MEPS 149:35-41 (1997) - doi:10.3354/meps149035
Sustained swimming abilities of the late pelagic stages of coral reef fishes
Stobutzki IC, Bellwood DR
The sustained swimming abilities of the late pelagic stages of 9 families of reef fishes were measured at 13.5 cm s-1. There was a 25-fold difference in abilities among the families. Acanthurid juveniles swam on average for 194.3 h, covering the equivalent of 94.4 km. In comparison nemipterids swam for only 7.4 h, the equivalent of 3.6 km. The distances covered by other taxa ranged from 8.3 to 62.2 km. Among the families swimming ability was related to size and age but this relationship explained little of the variation present (R2 = 0.403). Our results demonstrate that the pelagic stages of reef fishes are competent swimmers and capable of actively modifying their dispersal. This has direct implications on the replenishment of reef fish populations, especially with respect to mechanisms for self-seeding and maintenance of regional biogeographical patterns.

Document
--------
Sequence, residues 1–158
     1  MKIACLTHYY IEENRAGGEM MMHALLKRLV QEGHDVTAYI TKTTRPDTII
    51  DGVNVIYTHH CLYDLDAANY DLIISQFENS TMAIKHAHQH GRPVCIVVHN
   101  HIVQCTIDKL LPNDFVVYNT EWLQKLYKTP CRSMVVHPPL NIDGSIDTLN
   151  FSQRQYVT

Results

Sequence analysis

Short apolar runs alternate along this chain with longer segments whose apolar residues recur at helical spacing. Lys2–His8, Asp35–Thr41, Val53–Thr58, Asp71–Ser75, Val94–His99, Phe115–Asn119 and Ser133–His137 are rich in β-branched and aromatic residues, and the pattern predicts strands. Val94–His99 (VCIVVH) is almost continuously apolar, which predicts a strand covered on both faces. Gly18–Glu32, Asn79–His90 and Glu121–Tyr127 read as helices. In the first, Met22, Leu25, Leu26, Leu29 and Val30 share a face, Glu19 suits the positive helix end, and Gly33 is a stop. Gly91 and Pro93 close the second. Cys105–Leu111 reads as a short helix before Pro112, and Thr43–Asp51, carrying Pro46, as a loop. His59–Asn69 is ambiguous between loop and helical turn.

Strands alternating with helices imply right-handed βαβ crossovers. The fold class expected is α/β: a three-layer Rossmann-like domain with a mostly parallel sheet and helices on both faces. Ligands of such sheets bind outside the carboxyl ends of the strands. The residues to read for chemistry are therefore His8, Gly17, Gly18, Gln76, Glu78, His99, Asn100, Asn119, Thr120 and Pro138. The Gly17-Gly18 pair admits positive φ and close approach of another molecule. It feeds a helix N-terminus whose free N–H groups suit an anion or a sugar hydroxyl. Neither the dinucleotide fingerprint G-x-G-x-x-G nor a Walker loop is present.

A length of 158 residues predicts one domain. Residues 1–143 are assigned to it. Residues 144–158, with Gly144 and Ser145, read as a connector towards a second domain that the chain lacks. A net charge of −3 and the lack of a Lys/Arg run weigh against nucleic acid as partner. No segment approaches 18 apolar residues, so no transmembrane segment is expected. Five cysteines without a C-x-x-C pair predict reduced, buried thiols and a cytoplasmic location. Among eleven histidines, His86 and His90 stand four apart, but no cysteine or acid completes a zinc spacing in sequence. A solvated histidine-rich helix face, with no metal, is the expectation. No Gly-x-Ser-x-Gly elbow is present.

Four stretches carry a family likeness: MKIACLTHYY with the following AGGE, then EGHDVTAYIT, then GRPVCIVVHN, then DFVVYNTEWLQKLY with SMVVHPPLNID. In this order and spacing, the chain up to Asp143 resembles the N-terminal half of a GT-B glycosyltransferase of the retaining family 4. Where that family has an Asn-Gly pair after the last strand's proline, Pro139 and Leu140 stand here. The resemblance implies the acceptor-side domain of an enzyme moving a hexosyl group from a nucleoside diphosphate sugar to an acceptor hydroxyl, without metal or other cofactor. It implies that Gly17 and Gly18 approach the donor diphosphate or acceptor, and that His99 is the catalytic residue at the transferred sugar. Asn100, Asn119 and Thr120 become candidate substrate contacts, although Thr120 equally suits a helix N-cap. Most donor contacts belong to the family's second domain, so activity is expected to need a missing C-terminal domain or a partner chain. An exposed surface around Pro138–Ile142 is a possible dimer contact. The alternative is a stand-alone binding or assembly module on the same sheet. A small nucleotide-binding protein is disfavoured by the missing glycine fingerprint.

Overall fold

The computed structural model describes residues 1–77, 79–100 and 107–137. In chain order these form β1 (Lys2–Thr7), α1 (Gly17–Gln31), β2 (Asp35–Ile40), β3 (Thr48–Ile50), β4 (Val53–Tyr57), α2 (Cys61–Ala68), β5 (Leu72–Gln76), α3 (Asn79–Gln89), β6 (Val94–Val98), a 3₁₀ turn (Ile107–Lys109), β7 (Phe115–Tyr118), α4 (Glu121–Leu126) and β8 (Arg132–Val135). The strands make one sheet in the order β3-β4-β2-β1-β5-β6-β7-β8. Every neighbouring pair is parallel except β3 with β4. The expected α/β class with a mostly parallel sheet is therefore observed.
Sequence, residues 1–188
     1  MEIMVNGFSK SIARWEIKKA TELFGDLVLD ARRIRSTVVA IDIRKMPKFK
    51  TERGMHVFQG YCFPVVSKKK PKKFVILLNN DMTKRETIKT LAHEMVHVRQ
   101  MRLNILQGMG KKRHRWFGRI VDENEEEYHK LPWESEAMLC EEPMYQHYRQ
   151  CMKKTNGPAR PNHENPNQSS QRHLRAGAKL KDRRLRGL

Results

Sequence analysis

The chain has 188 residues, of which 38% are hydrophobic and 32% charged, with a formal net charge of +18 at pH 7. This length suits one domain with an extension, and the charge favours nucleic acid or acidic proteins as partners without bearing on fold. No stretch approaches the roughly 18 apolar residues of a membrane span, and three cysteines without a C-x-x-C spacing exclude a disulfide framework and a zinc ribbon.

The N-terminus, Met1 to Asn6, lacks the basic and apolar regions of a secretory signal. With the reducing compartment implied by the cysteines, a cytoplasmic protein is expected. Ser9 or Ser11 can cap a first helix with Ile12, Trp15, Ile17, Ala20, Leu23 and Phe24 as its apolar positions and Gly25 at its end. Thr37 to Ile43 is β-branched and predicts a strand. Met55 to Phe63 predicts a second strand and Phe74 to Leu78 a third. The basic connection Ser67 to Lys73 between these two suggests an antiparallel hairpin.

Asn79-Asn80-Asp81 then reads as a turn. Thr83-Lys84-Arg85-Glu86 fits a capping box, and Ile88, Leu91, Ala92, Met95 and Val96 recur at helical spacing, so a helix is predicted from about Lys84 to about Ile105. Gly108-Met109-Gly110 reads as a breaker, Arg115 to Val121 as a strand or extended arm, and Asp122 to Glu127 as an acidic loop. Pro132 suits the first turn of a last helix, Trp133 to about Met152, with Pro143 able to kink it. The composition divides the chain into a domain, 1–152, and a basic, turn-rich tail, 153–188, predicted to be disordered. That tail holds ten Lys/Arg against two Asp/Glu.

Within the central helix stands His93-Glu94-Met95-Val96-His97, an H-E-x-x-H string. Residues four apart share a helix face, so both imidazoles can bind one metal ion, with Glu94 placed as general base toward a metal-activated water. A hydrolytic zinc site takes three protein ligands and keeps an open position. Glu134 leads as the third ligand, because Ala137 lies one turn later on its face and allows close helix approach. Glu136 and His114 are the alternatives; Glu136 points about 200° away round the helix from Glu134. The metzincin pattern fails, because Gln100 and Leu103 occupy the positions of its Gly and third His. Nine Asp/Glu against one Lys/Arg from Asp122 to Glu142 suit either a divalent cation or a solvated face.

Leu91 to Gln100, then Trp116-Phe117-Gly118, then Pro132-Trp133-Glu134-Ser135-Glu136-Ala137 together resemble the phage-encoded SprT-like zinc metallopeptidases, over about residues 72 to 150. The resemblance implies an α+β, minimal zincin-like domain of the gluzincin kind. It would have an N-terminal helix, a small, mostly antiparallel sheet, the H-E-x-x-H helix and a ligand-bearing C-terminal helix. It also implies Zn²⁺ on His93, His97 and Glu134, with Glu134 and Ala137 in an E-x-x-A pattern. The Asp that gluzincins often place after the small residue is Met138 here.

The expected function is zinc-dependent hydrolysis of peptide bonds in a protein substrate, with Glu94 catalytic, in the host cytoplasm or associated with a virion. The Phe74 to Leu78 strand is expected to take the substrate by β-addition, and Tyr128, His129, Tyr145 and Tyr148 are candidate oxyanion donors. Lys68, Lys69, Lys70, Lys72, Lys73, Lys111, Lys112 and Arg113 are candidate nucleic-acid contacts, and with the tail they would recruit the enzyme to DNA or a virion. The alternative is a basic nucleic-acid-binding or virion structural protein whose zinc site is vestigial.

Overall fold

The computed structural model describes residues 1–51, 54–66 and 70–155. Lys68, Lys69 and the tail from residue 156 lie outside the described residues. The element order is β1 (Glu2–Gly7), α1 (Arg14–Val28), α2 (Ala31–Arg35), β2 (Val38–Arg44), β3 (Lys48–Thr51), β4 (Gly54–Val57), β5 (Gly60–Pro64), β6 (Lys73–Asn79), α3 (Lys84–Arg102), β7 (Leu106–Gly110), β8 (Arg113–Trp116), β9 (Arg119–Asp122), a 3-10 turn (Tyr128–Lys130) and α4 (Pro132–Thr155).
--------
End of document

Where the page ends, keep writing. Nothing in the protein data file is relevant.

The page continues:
Swimming · Dispersal · Pelagic juveniles · Reef fish · Recruitment · Self-seeding
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